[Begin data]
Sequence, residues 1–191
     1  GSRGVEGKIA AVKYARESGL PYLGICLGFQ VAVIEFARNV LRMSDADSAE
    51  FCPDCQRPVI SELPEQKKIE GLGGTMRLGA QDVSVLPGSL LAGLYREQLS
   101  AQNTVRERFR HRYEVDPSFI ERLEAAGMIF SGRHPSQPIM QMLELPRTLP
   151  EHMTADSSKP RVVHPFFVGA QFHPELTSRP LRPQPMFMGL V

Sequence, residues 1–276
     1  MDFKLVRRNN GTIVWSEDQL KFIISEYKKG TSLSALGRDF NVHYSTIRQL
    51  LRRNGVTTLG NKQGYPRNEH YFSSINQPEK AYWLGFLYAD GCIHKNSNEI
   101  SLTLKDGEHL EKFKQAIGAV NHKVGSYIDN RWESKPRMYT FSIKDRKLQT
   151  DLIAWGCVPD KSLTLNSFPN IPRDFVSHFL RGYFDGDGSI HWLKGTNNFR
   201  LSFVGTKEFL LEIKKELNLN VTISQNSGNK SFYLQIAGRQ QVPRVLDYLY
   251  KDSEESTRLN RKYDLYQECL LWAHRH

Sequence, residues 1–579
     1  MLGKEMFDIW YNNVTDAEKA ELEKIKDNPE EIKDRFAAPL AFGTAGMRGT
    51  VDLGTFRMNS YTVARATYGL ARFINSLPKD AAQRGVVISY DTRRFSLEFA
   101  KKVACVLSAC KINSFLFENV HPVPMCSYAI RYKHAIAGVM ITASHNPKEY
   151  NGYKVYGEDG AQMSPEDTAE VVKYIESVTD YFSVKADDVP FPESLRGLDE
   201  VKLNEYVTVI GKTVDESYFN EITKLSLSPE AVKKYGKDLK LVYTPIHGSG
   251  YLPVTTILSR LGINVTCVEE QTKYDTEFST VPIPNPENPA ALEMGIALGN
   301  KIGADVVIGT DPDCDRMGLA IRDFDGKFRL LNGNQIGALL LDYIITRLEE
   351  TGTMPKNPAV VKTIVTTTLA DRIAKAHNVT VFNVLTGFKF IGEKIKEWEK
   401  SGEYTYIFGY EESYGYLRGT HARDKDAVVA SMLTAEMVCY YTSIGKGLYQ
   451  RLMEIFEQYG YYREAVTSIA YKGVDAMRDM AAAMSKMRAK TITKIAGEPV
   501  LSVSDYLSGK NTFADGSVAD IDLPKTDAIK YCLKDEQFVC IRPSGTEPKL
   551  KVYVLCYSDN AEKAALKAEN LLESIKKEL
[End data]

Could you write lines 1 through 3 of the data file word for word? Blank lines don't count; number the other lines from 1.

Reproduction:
Sequence, residues 1–191
     1  GSRGVEGKIA AVKYARESGL PYLGICLGFQ VAVIEFARNV LRMSDADSAE
    51  FCPDCQRPVI SELPEQKKIE GLGGTMRLGA QDVSVLPGSL LAGLYREQLS